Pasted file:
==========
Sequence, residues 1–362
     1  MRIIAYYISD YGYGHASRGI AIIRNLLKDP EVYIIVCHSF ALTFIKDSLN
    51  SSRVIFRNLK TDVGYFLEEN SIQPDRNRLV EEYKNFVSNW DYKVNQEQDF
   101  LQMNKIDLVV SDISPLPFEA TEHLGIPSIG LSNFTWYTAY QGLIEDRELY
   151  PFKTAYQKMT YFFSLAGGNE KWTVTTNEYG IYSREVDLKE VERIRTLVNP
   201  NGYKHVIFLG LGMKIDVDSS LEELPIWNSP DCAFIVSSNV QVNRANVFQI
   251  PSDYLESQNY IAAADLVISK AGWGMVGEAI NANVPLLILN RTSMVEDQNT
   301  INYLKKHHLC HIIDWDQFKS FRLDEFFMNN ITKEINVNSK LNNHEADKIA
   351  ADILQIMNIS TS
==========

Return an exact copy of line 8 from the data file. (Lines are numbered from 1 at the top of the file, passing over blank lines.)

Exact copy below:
   301  INYLKKHHLC HIIDWDQFKS FRLDEFFMNN ITKEINVNSK LNNHEADKIA